This article was published more than 5 years ago. Some information in it may no longer be current.
The theory that a fulfilling life comes from experiences rather than possessions has gained real traction.
A recent article from The Atlantic calls attention to the work of Thomas Gilovich and Matthew Killingsworth, psychologists who have studied why people seem to derive more happiness from experiences.
The conclusion: We have a tough time living in the moment, so the default route to happiness is to live in anticipation of a great moment to follow. The other conclusion: The human brain attaches more pleasure when anticipating an experiential purchase and more anxiety with a material purchase.
With this in mind, Mark Hacking presents five distinct experiences, all related to cars and/or driving, all geared toward the enthusiast who may have gathered his or her share of adrenalin-fuelled adventures already. Ladies and gentlemen, start your engines …
Watch Monaco Grand Prix
- Cost: $$$$
- Thrill factor: 140 beats per minute (BPM)
- Insider tip: Secure general admission entrance to Le Rocher, where hard-core race fans gather.
A select few automotive events are worth attending for the spectacle alone. The Indianapolis 500 falls into this category, as does the 24 Hours of Le Mans. But no car race has the capacity to capture the imagination of spectators like the Monaco Grand Prix. There is the thrill of seeing the most sophisticated cars piloted by the best drivers; there is the sheer amazement in watching a modern Grand Prix on a circuit that has changed remarkably little since 1929. On any given weekend, Monaco is a spectacular, star-studded and costly place to visit; on Grand Prix weekend, the scene ratchets up to 11.
Drive a race kart
- Cost: $
- Thrill factor: 185 BPM
- Insider tip: Master the two-stroke kart, then move to the shifter kart, a more extreme machine.
For most people, this suggestion will come across as lame. If this is your reaction, we’re willing to bet you’ve never driven a proper race kart in anger. There’s a reason why every world champion driving in Formula One started by racing karts – it’s a brilliant training ground for learning about car control and race craft.
The sweet spot in this particular form of motorsport is the two-stroke kart. Although these machines develop 90 hp (at most), they’re also as light as a Kleenex box – the power-to-weight ratio rivals that of a modern Ferrari. In a race with like-minded individuals driving identical karts, the slightest mistake in a single corner can see you lose a handful of places
Train to be a rally driver
- Cost: $$
- Thrill factor: 175 BPM
- Insider tip: There are rear-wheel drive courses and all-wheel drive courses – unfortunately, you have to choose.
Rally driving is different from race driving for a few reasons, but the main one is this: in rallies, you don’t have the benefit of memorizing the corners through endless repetition. Rally drivers rely on a co-driver reading a route book and calling out the turns in advance. Rallies also take place on all kinds of surfaces (tarmac, gravel, sand) and in all kinds of weather conditions (rain, shine, snow).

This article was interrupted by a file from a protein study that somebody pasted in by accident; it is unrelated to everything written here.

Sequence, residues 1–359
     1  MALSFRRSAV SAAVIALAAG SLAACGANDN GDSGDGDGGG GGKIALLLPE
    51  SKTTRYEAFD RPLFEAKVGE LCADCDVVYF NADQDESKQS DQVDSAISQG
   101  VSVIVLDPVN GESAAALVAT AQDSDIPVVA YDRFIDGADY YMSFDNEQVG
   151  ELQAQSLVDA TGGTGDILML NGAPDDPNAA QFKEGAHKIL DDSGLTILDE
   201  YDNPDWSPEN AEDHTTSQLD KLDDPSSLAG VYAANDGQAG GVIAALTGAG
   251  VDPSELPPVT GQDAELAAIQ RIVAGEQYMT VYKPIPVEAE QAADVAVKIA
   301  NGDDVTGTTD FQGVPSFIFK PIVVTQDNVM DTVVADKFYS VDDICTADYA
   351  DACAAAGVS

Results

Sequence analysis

As such, rally driving is more of a seat-of-the-pants form of driving that relies on reflexes and a variety of techniques. One of the best places to learn this is DirtFish Rally School, located 30 minutes outside Seattle. The instructors are fantastic, the cars are fun and the facility encompasses 315 acres, so there’s plenty of room to perfect your Scandinavian flick.
Master the Nordschleife
- Cost: $$$$
- Thrill factor: 195 BPM
- Insider tip: Sir Jackie Stewart nicknamed the track “The Green Hell” – he wasn’t being overdramatic.
There are challenging racetracks all over the world – Laguna Seca, Mosport and Spa-Francorchamps are just three that spring to mind. But driving these is the equivalent of navigating a Costco parking lot when compared with tackling the Nuerburgring Nordschleife. This infamous German circuit is more than 20 kilometres long and features 73 corners. There are many ways to learn the Nordschleife, including plunking down €27 ($38) and going it alone on a “tourist lap” in your own car. But the proper way to generate genuine pace on this track is by first analyzing each section, corner-by-corner, an approach taken over two days during the BMW Driving Experience. Glued to the rear bumper of a seasoned instructor from behind the wheel of your own high-performance BMW, this is the ne plus ultra of racetrack experiences.
Tackle Targa Newfoundland
- Cost: $$$$$
- Thrill factor: 205 BPM
- Insider tip: Past competitors are eager to help with advice on how to prepare your car for five days of punishment.
In many ways, Targa Newfoundland simply should not be – when you’re in the heat of competition, it feels like you’re running from the law. Equal parts road race and stage rally, this five-day event sees rally teams in all manner of cars tackle more than 500 kilometres of special stages, pitting themselves against the clock and each other. Some stages take place in small fishing villages, where the range of obstacles runs the gamut from that quaint saltbox house on the corner to the Atlantic Ocean. The roads are a mix of the perfectly and the imperfectly paved, there are plenty of bumps and more than a few extreme cautions marked in the route book. Rain is practically guaranteed and past year’s events have seen a hurricane or two. This is not for the faint of heart.
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